Credit Unions: How Do They Work?
I’m sure you’ve seen several Credit Union offices and ATM’s around your city and wondered what exactly they are. They seem to function similarly to banks, so is that what they are? Well, not quite.
What is a Credit Union?
Credit Unions are non-profit institutions that are owned by account holders, better known as members. All profit earned by a credit union is invested back into the organization or paid out to members as a dividend. Since no profit is retained, a credit union is not required to pay any state or federal taxes. Making this the key difference between credit unions and banks. Due to this, credit unions will often offer lower interest rates compared to a traditional bank.
How are Credit Unions Formed?
Credit unions are designed to be cooperative financial institutions where all the members have something in common. They may have the same profession, work for the same company, graduated the same college, attend the same church or any other similarities. Specific requirements for joining a credit union can vary based on the union.
How Do Financial Functions Work Under Credit Unions?
Once you deposit money into a credit union account, you’re now an owner-member to that organization. The credit union uses the money you deposited to lend out loans to other members. So essentially, every deposit is part of a larger pool of money that assists all the members of the union. Unlike a bank, the customers of a credit union are also its owners, making it more consumer-friendly.
Advantages of Credit Unions
- Lower Banking Fees:- Since Credit Unions are non-profit, fees for financial transactions are often much lower compared to a traditional bank.
- Lower Interest Rates:- Similar to the previous point, since credit unions are not focused on making a profit, they’ll have a more attractive interest and savings rate. This will allow you to save a significant amount on personal loans, student loans, and mortgages.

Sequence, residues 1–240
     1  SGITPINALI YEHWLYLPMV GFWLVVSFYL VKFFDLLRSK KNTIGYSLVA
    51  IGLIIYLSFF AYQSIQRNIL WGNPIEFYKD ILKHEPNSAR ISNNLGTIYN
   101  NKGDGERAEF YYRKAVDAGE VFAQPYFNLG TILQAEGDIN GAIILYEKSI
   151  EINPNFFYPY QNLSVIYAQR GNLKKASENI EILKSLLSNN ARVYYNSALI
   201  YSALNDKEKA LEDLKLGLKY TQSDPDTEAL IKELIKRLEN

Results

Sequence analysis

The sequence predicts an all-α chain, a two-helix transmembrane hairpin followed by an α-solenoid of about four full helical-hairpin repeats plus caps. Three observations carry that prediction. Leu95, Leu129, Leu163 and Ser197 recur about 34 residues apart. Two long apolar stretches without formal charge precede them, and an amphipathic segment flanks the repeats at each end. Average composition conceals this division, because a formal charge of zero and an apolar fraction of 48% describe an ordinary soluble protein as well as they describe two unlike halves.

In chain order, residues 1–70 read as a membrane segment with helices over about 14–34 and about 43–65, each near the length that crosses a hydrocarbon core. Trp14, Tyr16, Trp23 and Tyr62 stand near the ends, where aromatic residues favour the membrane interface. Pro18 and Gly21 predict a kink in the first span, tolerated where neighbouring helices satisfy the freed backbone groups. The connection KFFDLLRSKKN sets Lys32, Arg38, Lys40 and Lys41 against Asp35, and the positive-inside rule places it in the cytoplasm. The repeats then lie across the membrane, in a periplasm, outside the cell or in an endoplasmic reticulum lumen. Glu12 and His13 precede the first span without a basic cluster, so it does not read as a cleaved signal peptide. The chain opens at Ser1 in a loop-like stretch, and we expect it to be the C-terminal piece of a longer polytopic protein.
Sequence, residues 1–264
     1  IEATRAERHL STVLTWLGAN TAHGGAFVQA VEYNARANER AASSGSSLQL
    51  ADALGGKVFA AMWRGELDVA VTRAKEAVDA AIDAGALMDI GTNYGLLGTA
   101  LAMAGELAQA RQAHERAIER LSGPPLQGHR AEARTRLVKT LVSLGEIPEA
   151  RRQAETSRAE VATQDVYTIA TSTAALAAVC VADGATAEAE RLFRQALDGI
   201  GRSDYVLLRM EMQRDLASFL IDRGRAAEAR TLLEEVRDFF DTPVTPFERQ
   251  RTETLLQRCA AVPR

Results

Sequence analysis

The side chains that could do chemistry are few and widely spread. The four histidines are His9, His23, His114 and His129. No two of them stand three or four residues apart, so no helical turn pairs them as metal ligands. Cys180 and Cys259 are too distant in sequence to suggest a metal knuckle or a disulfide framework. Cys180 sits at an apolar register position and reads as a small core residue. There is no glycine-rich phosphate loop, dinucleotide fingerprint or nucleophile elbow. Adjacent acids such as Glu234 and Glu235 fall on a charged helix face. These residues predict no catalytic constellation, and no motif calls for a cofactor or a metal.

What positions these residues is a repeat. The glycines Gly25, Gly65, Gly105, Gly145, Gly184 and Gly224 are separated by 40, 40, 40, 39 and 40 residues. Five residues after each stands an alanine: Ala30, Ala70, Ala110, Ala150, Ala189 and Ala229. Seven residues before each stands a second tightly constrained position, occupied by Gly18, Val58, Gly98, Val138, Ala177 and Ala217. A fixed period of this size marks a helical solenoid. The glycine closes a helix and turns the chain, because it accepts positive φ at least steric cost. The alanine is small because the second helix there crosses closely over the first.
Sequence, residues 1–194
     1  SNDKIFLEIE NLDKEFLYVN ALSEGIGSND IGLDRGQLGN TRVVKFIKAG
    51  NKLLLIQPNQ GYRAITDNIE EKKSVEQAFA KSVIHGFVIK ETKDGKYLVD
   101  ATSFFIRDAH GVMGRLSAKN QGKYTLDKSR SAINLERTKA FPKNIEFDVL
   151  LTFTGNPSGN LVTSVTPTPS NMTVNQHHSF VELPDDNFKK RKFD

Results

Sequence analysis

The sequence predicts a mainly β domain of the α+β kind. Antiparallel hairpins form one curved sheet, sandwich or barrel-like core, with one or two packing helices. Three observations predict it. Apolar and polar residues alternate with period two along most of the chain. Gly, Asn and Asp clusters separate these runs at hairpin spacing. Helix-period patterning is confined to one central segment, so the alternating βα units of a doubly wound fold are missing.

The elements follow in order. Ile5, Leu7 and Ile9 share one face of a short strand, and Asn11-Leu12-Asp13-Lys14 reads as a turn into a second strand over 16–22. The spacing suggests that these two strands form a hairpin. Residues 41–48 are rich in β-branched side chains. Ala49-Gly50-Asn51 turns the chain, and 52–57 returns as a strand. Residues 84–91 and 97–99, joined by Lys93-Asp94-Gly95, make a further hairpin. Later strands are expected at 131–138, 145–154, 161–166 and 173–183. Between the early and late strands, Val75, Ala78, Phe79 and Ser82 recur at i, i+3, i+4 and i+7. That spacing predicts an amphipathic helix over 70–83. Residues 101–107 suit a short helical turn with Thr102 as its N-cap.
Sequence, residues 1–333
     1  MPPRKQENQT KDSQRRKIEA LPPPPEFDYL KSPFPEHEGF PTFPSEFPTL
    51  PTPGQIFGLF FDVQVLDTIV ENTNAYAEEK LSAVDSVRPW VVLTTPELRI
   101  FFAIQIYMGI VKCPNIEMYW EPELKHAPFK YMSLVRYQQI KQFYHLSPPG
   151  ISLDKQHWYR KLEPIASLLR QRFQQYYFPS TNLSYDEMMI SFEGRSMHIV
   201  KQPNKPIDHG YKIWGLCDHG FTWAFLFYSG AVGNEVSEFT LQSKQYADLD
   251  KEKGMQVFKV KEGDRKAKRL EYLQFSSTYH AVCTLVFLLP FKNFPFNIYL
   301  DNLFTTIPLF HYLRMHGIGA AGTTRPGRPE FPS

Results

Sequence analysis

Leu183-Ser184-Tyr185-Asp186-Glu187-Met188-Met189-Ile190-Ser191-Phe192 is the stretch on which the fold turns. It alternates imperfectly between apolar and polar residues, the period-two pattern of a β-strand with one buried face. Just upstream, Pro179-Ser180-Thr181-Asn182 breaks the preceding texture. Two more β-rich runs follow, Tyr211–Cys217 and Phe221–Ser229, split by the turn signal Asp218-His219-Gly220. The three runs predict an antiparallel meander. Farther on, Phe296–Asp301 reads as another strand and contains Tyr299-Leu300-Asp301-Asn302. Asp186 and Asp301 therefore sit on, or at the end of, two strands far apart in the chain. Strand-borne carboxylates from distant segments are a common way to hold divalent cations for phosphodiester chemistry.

- Easier Eligibility:- Once you’re a credit union member, that organization is focused on assisting your financial needs. That means if you have a low credit score, it can still be possible to make arrangements and work around that. Some credit unions even offer educational programs to help you manage your budget and expenses so you can improve your score.
- Better Customer Service:-Since credit unions are organizations for the members by the members, it’s no surprise that they prioritize quality customer service. You can receive individualized attention far more easily than at a bank, guaranteeing that you’re assisted in the best way possible.
Disadvantages of Credit Unions
Exclusive Membership:- Since credit unions are member-centric, it’s imperative that you meet the requirements to become a member. That can range from things like working at a specific company to living in a certain city. Luckily, there’s a myriad of credit unions so it isn’t extremely difficult to find one you’d be eligible for.
Limited Branch Locations and ATMs:- Since credit unions generally serve a specific community, their branches and ATMs are less prevalent outside of that serving location. This can prove to be an inconvenience when you aren’t in your hometown.
Fewer Services:- Credit unions are constantly working towards functioning more like banks but they still have a ways to go. The loan amount you can take out might have lower limits compared to a traditional bank, making it more ideal for smaller and simpler financial transactions.
Not as Tech-Savvy:- Most credit unions still function through in-person interactions and are less likely to have fully equipped apps and online services. This can be an inconvenience if you’re someone who prefers to get all their financial work done at the comfort of your own home or office.
Although credit unions are essentially non-profit banks, they do possess several differences and advantages worth looking into. If you can find one that you’re eligible for and meets your needs, we strongly recommend applying to be a member. It is a convenient and helpful financial institution that can assist you in areas that a traditional bank might fall short.